Note: This column represents the opinions
of the writer and as such, is not purported as fact
The MP3 audio format has been one of the single most significant breakthroughs
in the distribution of music in a digital format.
By storing music in MP3 format it has become practical to transfer recordings
around the world using the Internet -- even when those involved only have
For those who don't know -- a typical digitally encoded 3-4 minute recording
takes up as much as 50MB when stored on a traditional CD. Convert the
same recording to MP3 format and it can shrink to as little as 3-4MB.
Once freeware and open source developers discovered the wonder of MP3 they
began producing large numbers of programs designed to encode, decode and
play music in this wonderful new format.
As is the case with open source and freeware, most of these programs have been
free to download from the Net, much to the joy of those who were looking for
a way to efficiently store music on their computers.
Once business saw how rapidly this freeware was driving the acceptance of the
MP3 format, all manner of hardware-based MP3 players began to appear. Gone is
the tired old cassette-tape based walkman, and even the newer diskman -- now
we have the solid state MP3 player.
Just about the only people not pleased with the arrival and widespread use
of MP3 are the recording industry.
They sit in their little ivory towers surrounded by the trappings of success
and regularly make very public mutterings about piracy, lost revenues, eroded
What they're really trying to say however, is "Oops, we've been caught with
our pants down. We've been so slow and complacent about our monopolies
that we didn't plan for this. What's more -- we really don't know what to
do now, after all -- when you've got a monopoly you don't have to be very
smart do you?"
Doesn't this sound like a rosy picture?
Pirated music flows like water, the programs to encode and play it are free
for download on the Net, and the fat cats in the recording industry are
squealing long and loud.
Well there are a number of problems with this scenario -- apart from the obvious
observation that pirating music is not legal, not right, and not very sensible.
It seems that the folks who came up with (and patented) the MP3 format are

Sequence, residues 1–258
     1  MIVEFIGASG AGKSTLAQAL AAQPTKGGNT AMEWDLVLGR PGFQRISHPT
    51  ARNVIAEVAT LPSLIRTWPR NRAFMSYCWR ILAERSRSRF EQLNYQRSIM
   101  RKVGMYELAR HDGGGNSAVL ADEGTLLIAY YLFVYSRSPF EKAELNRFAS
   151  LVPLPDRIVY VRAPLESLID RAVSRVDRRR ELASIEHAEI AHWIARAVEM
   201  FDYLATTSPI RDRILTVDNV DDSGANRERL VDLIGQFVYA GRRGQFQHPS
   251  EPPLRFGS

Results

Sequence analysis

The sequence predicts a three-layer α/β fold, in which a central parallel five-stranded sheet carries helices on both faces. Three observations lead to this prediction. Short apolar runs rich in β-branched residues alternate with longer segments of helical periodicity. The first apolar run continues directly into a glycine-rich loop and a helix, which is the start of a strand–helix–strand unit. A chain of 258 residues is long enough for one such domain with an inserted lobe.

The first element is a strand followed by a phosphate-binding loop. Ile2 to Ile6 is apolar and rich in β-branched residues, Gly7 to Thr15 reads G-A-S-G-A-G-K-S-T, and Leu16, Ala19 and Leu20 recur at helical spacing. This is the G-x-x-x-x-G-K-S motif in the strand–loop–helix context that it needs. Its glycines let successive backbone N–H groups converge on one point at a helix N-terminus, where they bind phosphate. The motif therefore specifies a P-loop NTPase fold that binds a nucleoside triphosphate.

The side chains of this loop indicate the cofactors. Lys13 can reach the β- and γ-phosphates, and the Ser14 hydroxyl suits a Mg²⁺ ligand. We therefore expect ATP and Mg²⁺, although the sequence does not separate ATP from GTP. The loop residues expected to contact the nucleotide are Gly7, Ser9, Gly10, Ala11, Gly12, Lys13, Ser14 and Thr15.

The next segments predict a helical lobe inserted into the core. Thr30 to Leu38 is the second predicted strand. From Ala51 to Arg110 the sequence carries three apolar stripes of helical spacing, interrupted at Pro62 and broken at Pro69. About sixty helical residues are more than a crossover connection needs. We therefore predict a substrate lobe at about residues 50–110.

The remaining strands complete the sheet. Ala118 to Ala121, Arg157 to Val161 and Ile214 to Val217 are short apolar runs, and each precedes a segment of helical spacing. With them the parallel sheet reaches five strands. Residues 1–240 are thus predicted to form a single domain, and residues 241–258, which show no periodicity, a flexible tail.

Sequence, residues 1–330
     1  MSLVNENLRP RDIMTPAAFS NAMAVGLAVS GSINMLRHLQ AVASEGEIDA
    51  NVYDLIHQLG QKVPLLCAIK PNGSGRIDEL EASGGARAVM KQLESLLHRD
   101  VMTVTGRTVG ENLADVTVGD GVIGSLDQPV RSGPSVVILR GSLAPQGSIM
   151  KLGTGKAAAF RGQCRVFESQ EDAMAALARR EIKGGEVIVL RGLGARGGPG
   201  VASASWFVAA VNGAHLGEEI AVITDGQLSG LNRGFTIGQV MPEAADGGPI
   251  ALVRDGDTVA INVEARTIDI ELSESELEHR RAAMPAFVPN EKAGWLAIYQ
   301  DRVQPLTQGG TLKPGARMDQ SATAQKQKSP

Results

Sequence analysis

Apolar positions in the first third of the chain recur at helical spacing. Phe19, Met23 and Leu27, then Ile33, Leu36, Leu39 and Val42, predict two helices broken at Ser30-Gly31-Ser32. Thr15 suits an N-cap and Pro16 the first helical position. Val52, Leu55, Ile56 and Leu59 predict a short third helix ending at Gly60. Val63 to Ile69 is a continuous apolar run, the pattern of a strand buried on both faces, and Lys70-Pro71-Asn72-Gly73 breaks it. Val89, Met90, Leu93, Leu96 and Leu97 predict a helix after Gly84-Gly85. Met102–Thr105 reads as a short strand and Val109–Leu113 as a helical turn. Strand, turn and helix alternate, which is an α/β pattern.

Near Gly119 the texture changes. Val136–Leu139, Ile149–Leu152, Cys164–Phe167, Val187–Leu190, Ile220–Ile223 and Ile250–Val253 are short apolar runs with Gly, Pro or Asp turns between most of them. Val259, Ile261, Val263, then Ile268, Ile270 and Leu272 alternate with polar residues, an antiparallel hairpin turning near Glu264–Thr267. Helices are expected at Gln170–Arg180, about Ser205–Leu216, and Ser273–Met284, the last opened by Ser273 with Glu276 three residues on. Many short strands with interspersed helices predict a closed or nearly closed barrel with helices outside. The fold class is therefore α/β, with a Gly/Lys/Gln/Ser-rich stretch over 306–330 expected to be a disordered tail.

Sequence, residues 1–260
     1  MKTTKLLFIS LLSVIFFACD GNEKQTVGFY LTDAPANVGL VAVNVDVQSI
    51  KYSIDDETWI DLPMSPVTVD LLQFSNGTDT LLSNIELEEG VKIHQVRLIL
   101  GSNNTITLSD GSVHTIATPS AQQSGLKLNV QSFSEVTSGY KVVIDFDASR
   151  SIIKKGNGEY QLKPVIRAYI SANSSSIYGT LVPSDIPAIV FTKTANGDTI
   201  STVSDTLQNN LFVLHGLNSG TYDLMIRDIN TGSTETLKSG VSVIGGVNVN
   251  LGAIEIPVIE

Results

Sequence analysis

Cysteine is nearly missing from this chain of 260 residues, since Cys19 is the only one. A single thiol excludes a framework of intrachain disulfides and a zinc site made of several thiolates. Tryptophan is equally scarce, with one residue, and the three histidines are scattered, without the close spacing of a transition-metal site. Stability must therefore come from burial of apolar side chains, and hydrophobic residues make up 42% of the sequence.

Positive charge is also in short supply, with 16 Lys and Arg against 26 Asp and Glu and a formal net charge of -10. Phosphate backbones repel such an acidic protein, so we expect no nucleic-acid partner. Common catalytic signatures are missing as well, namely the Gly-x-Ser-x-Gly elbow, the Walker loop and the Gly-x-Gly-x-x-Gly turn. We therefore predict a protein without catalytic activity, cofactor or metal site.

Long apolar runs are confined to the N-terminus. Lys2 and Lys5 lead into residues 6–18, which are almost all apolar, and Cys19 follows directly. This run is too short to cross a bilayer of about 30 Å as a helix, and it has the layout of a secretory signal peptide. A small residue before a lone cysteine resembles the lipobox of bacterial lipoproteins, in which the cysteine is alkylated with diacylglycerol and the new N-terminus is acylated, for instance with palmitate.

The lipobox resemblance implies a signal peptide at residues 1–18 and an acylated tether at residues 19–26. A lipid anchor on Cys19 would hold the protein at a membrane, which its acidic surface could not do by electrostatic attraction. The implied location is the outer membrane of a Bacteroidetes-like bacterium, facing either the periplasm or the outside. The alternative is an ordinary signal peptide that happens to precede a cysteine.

expecting developers to pay
a licensing fee
for use of those patents.
If Thompson decide to enforce their rights, many of those little freeware
and open source developers could find themselves facing a huge licensing
bill -- likely backdated.
So what does this mean to the future of MP3 as a format?
Probably not a lot.
Most people already have all the MP3 software they need and, since it's
probably freeware or open source, they're entitled to make copies and
give those copies to others without penalty.
These fees are probably only really going to affect those vendors who
are making commercial products or hardware-based units -- and even then
the relatively trivial licensing fees will simply be passed on to consumers.
I think Thompson have boxed very clever on this one. By previously allowing
the use of their patents without charge by those who have been writing
free software, they've allowed the standard to gain a critical-mass of
acceptance in the marketplace.
Now they can step in and make some very nice profits from all the commercial
I hope a lot of other developers take note of just how smart Thompson's
strategy has been. It's a nice model for those who are also looking
to move a product from conception to critical mass at minimal cost, while
also ensuring that the critical mass produces a strong revenue stream
down the track.
And of course, whenever one mentions MP3 these days there's also the
obligatory need to mention Ogg Vorbis. Ogg is another digital audio
format similar to MP3 but without the patent restrictions. I'm linking
to a version of their website
cached by Google
because they appear to be having some website problems today.
So, the music, or at least its most popular method of digital storage, is
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